Pass the Haggis
Romano, Andrew, Newsweek
Byline: Andrew Romano
At an age when most toddlers were singing along to Raffi, Zarya Rathe got hooked on Celtic music. She listened with her mom--a violinist--and played herself. So when the time came for college, Rathe applied to four schools in Scotland, ending up at the University of Edinburgh. "I wanted to do something different," she says. Except that when Rathe arrived in Gaelic 101, she was hardly alone. "It was all Americans."
Rathe is one of a growing number of U.S. students heading to kilt country for college. The main attraction: a quartet of medieval universities--Edinburgh, Aberdeen, Glasgow and St. Andrews--known as the Scottish Ivies. Since 2000-01, American participation in study-abroad programs has increased by 20 percent; England and Canada still attract students looking to attend a foreign school. But U.S. enrollment in Scottish colleges is up 80 percent in the past decade; at Edinburgh, it's tripled since 2003, and more than a tenth of St. Andrews' students are American.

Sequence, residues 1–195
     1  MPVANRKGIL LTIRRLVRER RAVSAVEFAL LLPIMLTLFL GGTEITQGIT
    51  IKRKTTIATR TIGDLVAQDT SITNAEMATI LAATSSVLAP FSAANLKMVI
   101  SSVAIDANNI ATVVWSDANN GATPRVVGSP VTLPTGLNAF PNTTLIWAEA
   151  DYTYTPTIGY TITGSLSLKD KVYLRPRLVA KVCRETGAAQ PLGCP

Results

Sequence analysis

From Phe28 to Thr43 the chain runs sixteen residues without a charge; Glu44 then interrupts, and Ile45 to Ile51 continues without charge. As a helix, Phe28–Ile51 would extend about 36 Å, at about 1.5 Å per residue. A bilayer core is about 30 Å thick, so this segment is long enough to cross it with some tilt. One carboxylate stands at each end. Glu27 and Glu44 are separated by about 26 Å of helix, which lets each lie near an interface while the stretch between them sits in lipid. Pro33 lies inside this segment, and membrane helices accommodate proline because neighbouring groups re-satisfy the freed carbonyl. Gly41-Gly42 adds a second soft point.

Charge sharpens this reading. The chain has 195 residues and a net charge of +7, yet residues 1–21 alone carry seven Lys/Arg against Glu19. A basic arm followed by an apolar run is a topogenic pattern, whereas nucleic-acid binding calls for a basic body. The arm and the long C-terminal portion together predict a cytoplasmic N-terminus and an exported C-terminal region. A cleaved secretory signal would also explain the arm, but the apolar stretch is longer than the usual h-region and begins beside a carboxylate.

Part of the appeal is esthetic. For Americans taken with the looks of an Ivy League campus, Scotland's ancient universities can hold an ever-richer store of history. Aberdeen was founded in 1495, 141 years before Harvard; St. Andrews has stood on the cliffs of Fife for nearly six centuries. Stephanie Gorton got into Columbia--her dream school--but that dream faded after a weekend visit to Edinburgh, the youngest of the lot. Compared with better-known British schools like Cambridge or Oxford, the Scottish colleges offer a curriculum that strikes a nice balance between the foreign and the familiar. …